When an alternate tuning is indicated on a score, is it “standard” to notate the score as if standard tuning was used?
In other words, in this transcription:
The indicated tuning is F/Bb/Eb/Ab (up a half step), but the 3rd note (shown in the tab as an open "E (tuned to F) string) is shown as an E on the standard notation. With that tuning, you can’t even play an E, but is the idea that the “E” indicates “play an open E string here” even though you’re playing an F?
If so, I guess I “get it” - saves the reader from doing the mental math of seeing the F, and having to remember that they’re tuned up a half-step, so it’s not 1st fret, it’s open and they can instinctually hit the open string. I’m just so used to seeing standard notation actually represent the notes that you’re supposed to play, that it seems a bit unnatural for me to see it as just another version of tab: “a circle 1 ledger line below the staff means pluck the open 4th string”. Like, you’re playing an F there - the notation should show an F.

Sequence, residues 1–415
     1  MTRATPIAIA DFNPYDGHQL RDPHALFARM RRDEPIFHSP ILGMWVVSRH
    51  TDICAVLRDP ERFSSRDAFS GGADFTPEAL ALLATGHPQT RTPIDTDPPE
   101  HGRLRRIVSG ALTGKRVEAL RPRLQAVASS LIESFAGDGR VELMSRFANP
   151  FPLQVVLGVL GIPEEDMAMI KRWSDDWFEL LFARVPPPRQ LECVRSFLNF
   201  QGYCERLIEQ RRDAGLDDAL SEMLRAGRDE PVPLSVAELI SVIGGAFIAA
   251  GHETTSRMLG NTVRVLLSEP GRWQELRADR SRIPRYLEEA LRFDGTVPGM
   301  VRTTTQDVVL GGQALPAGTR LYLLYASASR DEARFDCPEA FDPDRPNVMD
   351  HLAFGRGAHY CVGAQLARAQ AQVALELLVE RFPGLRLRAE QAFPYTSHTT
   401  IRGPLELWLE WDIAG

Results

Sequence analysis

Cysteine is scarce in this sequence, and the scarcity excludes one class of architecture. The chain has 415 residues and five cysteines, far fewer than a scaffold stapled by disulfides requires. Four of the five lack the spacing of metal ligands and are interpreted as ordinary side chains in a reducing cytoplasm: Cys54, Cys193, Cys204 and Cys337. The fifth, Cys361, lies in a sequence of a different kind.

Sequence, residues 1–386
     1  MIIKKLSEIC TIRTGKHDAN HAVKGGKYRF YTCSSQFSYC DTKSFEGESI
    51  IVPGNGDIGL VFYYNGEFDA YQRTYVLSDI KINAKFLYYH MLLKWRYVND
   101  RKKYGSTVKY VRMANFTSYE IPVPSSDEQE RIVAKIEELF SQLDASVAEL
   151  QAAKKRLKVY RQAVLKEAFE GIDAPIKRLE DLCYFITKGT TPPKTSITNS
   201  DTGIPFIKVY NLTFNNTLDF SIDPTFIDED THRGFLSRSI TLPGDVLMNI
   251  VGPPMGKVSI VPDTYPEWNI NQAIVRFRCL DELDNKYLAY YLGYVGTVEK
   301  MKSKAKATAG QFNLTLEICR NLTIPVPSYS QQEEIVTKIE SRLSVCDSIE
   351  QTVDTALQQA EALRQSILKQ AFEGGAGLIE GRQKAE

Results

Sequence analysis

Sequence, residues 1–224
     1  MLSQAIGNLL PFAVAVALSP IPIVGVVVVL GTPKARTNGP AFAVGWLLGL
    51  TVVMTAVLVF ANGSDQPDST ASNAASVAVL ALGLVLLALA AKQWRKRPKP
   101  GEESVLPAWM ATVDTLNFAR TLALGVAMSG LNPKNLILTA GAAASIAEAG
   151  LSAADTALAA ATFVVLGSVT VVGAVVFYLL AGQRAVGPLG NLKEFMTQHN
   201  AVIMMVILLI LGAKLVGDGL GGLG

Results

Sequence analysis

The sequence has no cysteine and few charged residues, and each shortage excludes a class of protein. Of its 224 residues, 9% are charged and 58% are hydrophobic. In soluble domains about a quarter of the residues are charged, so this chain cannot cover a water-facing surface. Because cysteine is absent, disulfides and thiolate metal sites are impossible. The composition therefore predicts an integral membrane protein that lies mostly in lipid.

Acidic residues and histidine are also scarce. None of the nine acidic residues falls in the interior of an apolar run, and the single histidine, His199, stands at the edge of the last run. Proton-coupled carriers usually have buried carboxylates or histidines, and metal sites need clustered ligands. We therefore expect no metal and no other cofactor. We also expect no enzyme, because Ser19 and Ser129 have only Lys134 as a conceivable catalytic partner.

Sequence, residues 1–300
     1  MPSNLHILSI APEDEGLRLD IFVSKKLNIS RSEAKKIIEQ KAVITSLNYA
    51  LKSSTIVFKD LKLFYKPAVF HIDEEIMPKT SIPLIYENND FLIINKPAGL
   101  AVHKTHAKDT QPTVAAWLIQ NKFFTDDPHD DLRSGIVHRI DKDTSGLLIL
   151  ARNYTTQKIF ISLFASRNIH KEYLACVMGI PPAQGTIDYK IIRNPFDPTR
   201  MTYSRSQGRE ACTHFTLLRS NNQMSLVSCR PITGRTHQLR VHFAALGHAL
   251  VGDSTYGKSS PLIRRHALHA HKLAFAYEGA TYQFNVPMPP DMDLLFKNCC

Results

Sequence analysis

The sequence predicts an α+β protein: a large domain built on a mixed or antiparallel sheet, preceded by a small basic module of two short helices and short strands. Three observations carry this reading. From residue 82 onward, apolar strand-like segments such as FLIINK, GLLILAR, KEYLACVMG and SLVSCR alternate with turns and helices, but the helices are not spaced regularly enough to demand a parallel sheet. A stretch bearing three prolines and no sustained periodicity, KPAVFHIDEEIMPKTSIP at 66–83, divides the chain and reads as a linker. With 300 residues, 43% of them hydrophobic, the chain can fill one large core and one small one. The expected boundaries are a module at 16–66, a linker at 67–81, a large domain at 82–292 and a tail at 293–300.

This example doesn’t come from anything BassBuzz related - it comes from SheetMusicDirect. It just threw me when I first noticed that “all the notation is wrong for songs with alternate tunings”. I had thought that the “alternate tuning” note was for the tab part of the score, and never noticed that the notation “pretended” that the bass was still standard tuned.
So is that the deal? The notation isn’t “wrong” - that’s just how alternate tunings are handled in scores?